5510.001 Optimization of Ground Vehicle Components for Weight Reduction

Utilizing Altair’s Inspire software to re-design retrofit parts for GVSC vehicle platforms

Traditional fabricated designs vs. optimized designs for additive manufacturing reducing the weight of the ground vehicle parts.


One of the main advantages of additive manufacturing (AM) lies in the ability to produce parts that have been designed for optimal functionality rather than machinability. AM components are not constrained by traditional manufacturing techniques. Many components on current Army ground vehicles could benefit from the freedoms realized with AM, reducing the weight of the vehicle and thus increasing its load- carrying capacity. Utilizing the advantages of AM to create organic shapes through topology optimization that can increase the part’s performance while decreasing its overall weight would be a significant improvement for U.S. ground vehicles offering better performance than traditionally manufactured parts, decreased sustainment burden, increased readiness, alternative sources of supply, and potentially reducing costs.


The objective of this effort was to demonstrate the advantages of AM through the redesign of a group of Army ground vehicle components to reduce weight. The redesigned parts met all other performance criteria requirements of the traditionally manufactured part. Additional objectives provided documentation and training for Army personnel on software technologies and methodologies for Design for Additive Manufacturing (DfAM) that allow for efficient repetition of the manufactured parts.

Technical Approach

Altair worked with Army Ground Vehicle System Center (GVSC) to strategically select three or four parts for optimization by utilizing a matrix of various components identified by GVSC. The part matrix included an array of parameters such as part size, material, complexity, functionality, interaction with neighboring components, etc. Parts selected within the project were redesigned to meet all performance criteria requirements of the traditionally manufactured parts.

Four areas in the primary workstream focused on identifying, redesigning, and virtual testing of the parts using previously developed methodologies to develop additional use cases demonstrating the overall value to Army-GVSC leadership. First, the strategic part selection used industry-developed methods to identify and pre-qualify Army vehicle components and parts that have the highest opportunity for success using AM. Second, the team applied the DfAM workflow, previously developed, to redesign the top three or four parts identified from the list in the strategic part selection task and dependent upon the design complexity of the selected parts. Third, “virtual testing” was leveraged to minimize the amount of physical testing required to achieve engineering sign-off with modeling, simulation, and testing approaches. Finally, training and training guides outlining DfAM workflows were developed. As the DfAM workflow matured during the project it was formalized, and technologies and methodologies in managing the workflow were explored. Also, additive part costing technologies and methods for cost-per-concept efforts were addressed.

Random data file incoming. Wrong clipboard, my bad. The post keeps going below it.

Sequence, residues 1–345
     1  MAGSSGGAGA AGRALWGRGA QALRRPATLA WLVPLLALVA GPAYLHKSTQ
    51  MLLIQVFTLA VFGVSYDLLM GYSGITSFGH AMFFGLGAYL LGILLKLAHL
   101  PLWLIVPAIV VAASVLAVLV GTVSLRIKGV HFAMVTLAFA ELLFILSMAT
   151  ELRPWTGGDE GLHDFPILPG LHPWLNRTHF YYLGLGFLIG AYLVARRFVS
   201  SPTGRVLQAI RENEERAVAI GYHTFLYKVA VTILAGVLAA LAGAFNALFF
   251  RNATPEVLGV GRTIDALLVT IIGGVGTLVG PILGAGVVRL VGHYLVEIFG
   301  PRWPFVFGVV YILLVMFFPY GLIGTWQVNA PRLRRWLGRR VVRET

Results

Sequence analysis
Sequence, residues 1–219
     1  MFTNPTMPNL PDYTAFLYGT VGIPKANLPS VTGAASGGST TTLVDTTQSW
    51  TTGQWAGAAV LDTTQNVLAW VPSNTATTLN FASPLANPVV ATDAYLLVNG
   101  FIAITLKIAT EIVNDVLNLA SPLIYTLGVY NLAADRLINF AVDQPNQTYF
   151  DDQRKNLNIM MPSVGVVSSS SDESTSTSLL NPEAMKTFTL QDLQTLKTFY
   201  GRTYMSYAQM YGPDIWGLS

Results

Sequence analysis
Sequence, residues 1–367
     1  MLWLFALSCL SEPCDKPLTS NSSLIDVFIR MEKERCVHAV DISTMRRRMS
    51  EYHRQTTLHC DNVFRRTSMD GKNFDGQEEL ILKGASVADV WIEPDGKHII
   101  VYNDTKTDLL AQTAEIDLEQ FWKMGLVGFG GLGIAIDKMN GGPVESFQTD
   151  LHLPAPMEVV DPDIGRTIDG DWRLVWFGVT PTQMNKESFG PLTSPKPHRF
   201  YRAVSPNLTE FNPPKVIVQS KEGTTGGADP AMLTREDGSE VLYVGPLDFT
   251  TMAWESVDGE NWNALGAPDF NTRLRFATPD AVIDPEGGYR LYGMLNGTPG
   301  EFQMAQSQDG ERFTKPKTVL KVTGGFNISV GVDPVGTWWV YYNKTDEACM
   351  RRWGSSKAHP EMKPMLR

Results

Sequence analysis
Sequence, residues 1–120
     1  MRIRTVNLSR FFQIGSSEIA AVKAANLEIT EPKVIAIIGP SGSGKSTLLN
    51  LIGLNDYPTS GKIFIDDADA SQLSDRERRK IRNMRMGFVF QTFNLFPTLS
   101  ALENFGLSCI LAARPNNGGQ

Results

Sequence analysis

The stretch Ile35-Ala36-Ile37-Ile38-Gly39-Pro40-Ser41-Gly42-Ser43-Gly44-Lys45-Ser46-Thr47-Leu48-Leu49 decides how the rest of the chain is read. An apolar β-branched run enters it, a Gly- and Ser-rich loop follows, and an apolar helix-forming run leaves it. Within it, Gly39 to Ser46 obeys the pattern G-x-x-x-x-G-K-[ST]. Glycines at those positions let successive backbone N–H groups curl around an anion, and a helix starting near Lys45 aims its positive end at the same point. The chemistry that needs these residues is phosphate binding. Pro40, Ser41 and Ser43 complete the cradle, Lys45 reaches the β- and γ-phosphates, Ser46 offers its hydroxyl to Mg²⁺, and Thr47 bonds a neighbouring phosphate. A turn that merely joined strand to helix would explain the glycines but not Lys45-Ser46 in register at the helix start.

This project utilized Altair Inspire software to re-design retrofit parts for Army vehicle platforms. The geometric freedom in AM allowed for mass reduction and performance gain opportunities when coupled with the efficient geometries generated by Altair’s topology optimization.

The project resulted in the re-design of three parts: transmission mount bracket, valve stack bracket, and roof hatch hinge. It was demonstrated that significant mass savings can be realized when Altair’s structural optimization technologies and methods are used in developing parts for AM. The transmission mount bracket redesign resulted in 34% mass savings with an improved bushing center stiffness (30% stiffer in vertical load direction). The valve stack bracket redesign resulted in an 83% mass savings combining the traditional four-part weldment into a single part, also reducing the hardware count. The roof hatch hinge redesign provided a 46% mass savings meeting all stress and stiffness targets defined. The designs were performance-validated using Inspire Structural Analysis as well as Inspire Print3D in simulating the laser powder bed fusion (L-PBF) process. The methods employed were documented and used to organize a workflow process and data organization structure. This Design Decision Matrix (DDM) methodology demonstrated an effective means of exploring the design space and efficiently converging on the appropriate mix of cost, weight, and performance. Lastly, custom training and development of a detailed “cookbook” followed the re-design process which provided knowledge transfer of both the tools and methods to the GVSC engineers.

Project Participants

Project Principal

Other Project Participants

  • U.S. Army DEVCOM-GVSC (Ground Vehicle Systems Center)

Public Participants

  • U.S. Department of Defense

Success Story

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